“Hello! the sage-dogs are barking,” said Venters.

“I don’t like to hear them,” replied Jane. “At night, sometimes when I lie awake, listening to the long mourn or breaking bark or wild howl, I think of you asleep somewhere in the sage, and my heart aches.”

“Jane, you couldn’t listen to sweeter music, nor could I have a better bed.”

“Just think! Men like Lassiter and you have no home, no comfort, no rest, no place to lay your weary heads. Well!... Let us be patient. Tull’s anger may cool, and time may help us. You might do some service to the village—who can tell? Suppose you discovered the long-unknown hiding-place of Oldring and his band, and told it to my riders? That would disarm Tull’s ugly hints and put you in favor. For years my riders have trailed the tracks of stolen cattle. You know as well as I how dearly we’ve paid for our ranges in this wild country. Oldring drives our cattle down into the network of deceiving cañons, and somewhere far to the north or east he drives them up and out to Utah markets. If you will spend time in Deception Pass try to find the trails.”

“Jane, I’ve thought of that. I’ll try.”

“I must go now. And it hurts, for now I’ll never be sure of seeing you again. But to-morrow, Bern?”

“To-morrow surely. I’ll watch for Lassiter and ride in with him.”

“Good night.”

Then she left him and moved away, a white, gliding shape that soon vanished in the shadows.

Venters waited until the faint slam of a door assured him she had reached the house, and then, taking up his rifle, he noiselessly slipped through the bushes, down the knoll, and on under the dark trees to the edge of the grove. The sky was now turning from gray to blue; stars had begun to lighten the earlier blackness; and from the wide flat sweep before him blew a cool wind, fragrant with the breath of sage. Keeping close to the edge of the cottonwoods, he went swiftly and silently westward. The grove was long, and he had not reached the end when he heard something that brought him to a halt. Low padded thuds told him horses were coming this way. He sank down in the gloom, waiting, listening. Much before he had expected, judging from sound, to his amazement he descried horsemen near at hand. They were riding along the border of the sage, and instantly he knew the hoofs of the horses were muffled. Then the pale starlight afforded him indistinct sight of the riders. But his eyes were keen and used to the dark, and by peering closely he recognized the huge bulk and black-bearded visage of Oldring and the lithe, supple form of the rustler’s lieutenant, a masked rider. They passed on; the darkness swallowed them. Then, farther out on the sage, a dark, compact body of horsemen went by, almost without sound, almost like specters, and they, too, melted into the night.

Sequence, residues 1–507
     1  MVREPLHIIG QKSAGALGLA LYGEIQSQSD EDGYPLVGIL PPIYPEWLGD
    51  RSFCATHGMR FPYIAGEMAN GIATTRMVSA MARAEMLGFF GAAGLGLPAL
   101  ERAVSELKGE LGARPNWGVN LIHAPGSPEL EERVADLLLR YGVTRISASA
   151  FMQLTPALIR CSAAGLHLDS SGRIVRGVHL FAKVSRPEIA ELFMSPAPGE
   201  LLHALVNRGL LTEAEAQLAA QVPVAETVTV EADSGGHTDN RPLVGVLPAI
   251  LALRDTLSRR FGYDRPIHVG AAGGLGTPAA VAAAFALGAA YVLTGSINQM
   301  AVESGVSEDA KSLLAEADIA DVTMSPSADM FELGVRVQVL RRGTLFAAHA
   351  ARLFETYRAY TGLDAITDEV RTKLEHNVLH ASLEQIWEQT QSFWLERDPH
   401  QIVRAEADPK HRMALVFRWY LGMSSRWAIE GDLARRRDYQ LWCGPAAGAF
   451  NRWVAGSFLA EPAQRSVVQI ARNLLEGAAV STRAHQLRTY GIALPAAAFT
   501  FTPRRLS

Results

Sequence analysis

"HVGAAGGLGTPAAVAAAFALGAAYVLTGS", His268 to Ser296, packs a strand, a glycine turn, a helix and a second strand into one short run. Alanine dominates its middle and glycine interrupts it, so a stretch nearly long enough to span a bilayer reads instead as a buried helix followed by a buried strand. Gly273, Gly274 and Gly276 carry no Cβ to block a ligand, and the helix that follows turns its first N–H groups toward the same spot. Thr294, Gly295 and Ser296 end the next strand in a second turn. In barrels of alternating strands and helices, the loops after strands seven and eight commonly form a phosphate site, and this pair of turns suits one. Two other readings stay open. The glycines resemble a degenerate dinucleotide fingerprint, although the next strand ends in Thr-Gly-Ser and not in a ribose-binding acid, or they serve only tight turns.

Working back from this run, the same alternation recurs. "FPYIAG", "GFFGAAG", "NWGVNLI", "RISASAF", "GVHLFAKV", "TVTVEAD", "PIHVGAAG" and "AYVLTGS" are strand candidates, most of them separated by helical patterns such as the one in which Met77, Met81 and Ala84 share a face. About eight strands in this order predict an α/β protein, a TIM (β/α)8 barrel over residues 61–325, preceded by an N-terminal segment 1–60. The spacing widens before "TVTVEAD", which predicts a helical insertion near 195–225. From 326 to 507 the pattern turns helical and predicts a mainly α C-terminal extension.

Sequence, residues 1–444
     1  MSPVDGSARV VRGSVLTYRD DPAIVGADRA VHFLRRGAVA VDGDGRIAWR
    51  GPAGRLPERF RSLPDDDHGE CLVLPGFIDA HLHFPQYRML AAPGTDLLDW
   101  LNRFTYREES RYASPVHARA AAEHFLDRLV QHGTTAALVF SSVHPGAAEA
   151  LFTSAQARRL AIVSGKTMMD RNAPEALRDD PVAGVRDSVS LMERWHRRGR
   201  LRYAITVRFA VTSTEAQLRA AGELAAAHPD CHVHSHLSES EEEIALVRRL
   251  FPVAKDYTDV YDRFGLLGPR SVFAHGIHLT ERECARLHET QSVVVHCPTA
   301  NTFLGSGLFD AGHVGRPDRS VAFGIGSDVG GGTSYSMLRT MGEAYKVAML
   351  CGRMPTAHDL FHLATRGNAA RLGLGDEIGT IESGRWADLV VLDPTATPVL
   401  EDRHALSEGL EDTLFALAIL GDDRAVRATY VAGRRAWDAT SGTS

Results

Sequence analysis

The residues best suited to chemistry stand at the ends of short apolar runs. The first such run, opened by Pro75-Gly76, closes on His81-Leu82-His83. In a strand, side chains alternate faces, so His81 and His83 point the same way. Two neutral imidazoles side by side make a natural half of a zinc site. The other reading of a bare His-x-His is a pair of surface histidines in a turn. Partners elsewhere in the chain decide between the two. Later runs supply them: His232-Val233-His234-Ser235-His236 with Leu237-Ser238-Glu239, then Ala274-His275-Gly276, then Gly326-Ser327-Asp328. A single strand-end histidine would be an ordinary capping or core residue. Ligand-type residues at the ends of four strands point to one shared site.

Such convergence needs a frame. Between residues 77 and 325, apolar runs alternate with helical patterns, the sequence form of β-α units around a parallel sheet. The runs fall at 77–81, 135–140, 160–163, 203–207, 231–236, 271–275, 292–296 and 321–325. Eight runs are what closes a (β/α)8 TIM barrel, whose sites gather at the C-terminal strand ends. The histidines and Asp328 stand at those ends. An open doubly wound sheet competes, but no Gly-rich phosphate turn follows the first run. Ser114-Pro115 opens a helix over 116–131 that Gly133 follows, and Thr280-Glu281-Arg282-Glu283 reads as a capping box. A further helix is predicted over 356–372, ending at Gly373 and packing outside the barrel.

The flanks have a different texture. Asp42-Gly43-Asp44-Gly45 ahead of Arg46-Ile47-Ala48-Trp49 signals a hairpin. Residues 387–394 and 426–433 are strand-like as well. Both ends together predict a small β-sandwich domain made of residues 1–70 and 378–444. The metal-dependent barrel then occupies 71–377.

No unusual circumstance was it for Oldring and some of his men to visit Cottonwoods in the broad light of day, but for him to prowl about in the dark with the hoofs of his horses muffled meant that mischief was brewing. Moreover, to Venters the presence of the masked rider with Oldring seemed especially ominous. For about this man there was mystery, he seldom rode through the village, and when he did ride through it was swiftly; riders seldom met by day on the sage, but wherever he rode there always followed deeds as dark and mysterious as the mask he wore. Oldring’s band did not confine themselves to the rustling of cattle.